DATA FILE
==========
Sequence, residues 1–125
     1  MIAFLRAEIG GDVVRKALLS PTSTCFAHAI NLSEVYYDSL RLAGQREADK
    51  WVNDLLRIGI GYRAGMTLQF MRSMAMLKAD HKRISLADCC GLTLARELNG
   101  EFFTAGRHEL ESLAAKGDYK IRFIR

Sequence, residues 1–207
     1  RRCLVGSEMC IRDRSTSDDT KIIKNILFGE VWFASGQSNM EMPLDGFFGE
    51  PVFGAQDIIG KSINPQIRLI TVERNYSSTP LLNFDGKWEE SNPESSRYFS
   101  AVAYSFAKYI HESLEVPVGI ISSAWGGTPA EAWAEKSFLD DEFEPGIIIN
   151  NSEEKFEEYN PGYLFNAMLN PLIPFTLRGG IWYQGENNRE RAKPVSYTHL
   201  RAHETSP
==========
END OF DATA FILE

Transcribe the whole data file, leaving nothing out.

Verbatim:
Sequence, residues 1–125
     1  MIAFLRAEIG GDVVRKALLS PTSTCFAHAI NLSEVYYDSL RLAGQREADK
    51  WVNDLLRIGI GYRAGMTLQF MRSMAMLKAD HKRISLADCC GLTLARELNG
   101  EFFTAGRHEL ESLAAKGDYK IRFIR

Sequence, residues 1–207
     1  RRCLVGSEMC IRDRSTSDDT KIIKNILFGE VWFASGQSNM EMPLDGFFGE
    51  PVFGAQDIIG KSINPQIRLI TVERNYSSTP LLNFDGKWEE SNPESSRYFS
   101  AVAYSFAKYI HESLEVPVGI ISSAWGGTPA EAWAEKSFLD DEFEPGIIIN
   151  NSEEKFEEYN PGYLFNAMLN PLIPFTLRGG IWYQGENNRE RAKPVSYTHL
   201  RAHETSP